Ernest on technology
Jeanne: If you had a magic wand and could universally improve one software development practice, what would it be?
Ernest: I suppose I have many pet peeves, but if I had to choose one, I would make people write shorter methods and smaller classes.
Jeanne: You mean a 200 line method is hard to read?!
Jeanne: Why should a developer learn about rule engines?
Ernest: Every developer has a toolkit that they bring to the table when it's time to solve a problem. Someone just starting out has a very small toolkit: a hammer, a screwdriver, a ruler. If they need to make a hole, they have to take the screwdriver and hit it with the hammer, and it doesn't work very well. Whereas someone who has been working for a while will hopefully have learned that to make a good hole, you need a drill. Unfortunately, some guys just keep banging on that screwdriver, and they get left behind.
Jeanne: So all I need is a hammer, screwdriver, ruler and rules engine?
Ernest: The more tools you have, the better equipped you are to solve diverse problems. A rule engine might not be something you use all the time, but when an appropriate problem comes along, if you're able to recognize it, you'll be able to address that problem efficiently. Rule engines are great when you have a lot of data to sort through, and ever-changing criteria to apply to it, because they make it easy to change the criteria dynamically, and keep track of which criteria were applied to what data when.
Jeanne: You've been a developer a long time. Yet in our industry, someone with 3 years of experience is a "senior" developer. What advice do you have for someone about becoming a "more senior" developer?
Ernest: Get as many tools for your toolbox as you can. Don't hit screwdrivers. Don't just read books about your own area: learn about how things are done in other fields. And never assume you're done learning.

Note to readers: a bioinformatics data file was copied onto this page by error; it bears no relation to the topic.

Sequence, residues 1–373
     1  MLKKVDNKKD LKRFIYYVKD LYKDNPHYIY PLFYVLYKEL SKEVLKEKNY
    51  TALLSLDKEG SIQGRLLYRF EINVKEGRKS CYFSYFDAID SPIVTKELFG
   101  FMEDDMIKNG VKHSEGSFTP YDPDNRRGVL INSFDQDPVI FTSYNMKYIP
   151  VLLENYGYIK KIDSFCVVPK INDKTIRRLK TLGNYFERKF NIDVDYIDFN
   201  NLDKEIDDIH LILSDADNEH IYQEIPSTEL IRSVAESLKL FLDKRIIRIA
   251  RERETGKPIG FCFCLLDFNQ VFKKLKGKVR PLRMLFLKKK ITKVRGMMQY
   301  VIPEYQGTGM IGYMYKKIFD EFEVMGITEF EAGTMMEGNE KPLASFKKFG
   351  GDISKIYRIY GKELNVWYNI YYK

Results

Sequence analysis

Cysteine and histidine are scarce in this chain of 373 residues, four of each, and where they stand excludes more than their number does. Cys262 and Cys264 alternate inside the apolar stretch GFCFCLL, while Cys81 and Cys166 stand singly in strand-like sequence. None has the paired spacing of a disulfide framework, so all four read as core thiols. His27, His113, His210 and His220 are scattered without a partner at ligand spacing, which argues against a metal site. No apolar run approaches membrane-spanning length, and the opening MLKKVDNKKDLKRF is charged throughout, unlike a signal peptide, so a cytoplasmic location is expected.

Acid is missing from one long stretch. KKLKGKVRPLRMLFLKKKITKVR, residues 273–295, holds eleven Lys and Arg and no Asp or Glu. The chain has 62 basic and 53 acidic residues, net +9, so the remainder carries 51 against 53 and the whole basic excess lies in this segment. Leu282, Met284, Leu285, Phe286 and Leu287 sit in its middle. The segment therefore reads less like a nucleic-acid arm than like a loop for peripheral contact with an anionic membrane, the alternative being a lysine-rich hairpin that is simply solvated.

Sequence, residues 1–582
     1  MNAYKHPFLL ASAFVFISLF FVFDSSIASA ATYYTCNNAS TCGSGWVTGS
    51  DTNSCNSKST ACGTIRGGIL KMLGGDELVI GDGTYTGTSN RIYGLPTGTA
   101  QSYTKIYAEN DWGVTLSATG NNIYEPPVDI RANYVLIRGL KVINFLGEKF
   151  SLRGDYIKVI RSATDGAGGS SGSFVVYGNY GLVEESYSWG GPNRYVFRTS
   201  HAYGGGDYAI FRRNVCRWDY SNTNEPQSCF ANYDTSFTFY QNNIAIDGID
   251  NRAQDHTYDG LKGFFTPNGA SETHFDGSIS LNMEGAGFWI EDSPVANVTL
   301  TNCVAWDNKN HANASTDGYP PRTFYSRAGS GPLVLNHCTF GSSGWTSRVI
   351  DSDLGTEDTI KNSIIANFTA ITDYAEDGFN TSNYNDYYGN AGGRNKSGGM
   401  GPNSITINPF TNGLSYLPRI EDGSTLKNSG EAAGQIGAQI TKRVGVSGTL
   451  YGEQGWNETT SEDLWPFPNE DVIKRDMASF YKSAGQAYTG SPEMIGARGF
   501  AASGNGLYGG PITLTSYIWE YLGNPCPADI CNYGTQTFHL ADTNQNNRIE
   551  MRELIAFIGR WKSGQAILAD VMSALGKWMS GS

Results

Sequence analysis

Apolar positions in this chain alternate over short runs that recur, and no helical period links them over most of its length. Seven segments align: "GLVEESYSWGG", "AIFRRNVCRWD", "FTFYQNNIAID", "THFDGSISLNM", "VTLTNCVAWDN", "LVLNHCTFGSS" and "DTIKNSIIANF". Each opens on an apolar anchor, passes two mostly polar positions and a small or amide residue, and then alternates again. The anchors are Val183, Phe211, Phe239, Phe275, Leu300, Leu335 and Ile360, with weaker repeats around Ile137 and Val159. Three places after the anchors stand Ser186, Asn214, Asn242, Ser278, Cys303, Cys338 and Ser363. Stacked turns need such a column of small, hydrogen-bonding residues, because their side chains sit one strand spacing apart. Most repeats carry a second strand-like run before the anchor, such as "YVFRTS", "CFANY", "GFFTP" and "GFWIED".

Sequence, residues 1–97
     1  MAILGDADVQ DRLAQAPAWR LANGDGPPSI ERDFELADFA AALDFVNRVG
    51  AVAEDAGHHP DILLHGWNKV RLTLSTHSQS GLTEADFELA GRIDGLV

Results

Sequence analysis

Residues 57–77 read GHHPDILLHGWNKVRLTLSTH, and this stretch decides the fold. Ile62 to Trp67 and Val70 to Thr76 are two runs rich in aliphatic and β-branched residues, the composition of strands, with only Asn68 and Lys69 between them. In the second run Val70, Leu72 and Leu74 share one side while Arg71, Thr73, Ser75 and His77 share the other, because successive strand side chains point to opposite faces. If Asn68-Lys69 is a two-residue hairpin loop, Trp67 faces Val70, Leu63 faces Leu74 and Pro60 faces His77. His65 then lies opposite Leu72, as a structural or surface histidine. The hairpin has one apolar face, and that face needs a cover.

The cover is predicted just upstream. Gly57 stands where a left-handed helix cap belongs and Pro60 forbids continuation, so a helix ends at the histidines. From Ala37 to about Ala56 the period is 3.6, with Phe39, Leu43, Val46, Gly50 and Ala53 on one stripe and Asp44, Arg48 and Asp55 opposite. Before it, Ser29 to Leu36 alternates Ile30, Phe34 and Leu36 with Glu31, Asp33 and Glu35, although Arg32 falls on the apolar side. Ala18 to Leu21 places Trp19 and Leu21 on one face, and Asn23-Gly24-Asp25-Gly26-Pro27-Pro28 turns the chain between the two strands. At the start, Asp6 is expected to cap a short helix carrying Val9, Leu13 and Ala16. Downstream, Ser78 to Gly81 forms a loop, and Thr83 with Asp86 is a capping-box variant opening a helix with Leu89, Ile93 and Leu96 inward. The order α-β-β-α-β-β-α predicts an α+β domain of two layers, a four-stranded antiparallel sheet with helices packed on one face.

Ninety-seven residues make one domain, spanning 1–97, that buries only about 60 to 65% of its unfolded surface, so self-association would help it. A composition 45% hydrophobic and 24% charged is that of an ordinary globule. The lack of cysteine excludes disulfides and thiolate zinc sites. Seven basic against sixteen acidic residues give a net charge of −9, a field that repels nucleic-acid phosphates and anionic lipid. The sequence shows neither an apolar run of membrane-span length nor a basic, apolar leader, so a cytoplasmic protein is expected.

More Ernest
Jeanne: Do you have a favorite quote? If so, what is it?
Ernest: Nothing comes to mind!
Jeanne: I have a paper of quotes at work and you are on it! One of favorite quotes is by you: "call a duck a duck, not a feather bearing aquatic avian". It's a nice reminder that when writing emails or technical documentation (or really anything) that it is important to write simply.
Jeanne: What is an interesting hobby that you have?
Ernest: I draw and paint (not nearly as much or as well as I'd like, alas.) Occasionally I post some artwork at Coderanch.
Jeanne: How is drawing like development?
Ernest: Every drawing is like a new, green-field software project. It's exciting, and you have choices to make. You can stick to techniques you've used in the past, or you can try something new. When you're just starting a drawing, all possibilities are open; as the drawing progresses and you refine the likeness, your choices become more limited, and you have more invested, so you become more risk-averse. The big difference, though, is that when the drawing is finished, it's finished. It's hanging on the wall, and you can move onto the next one. There's no maintenance phase for art
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Thank You Ernest awesome interview , been fan of lot of people one of that will be Ernest!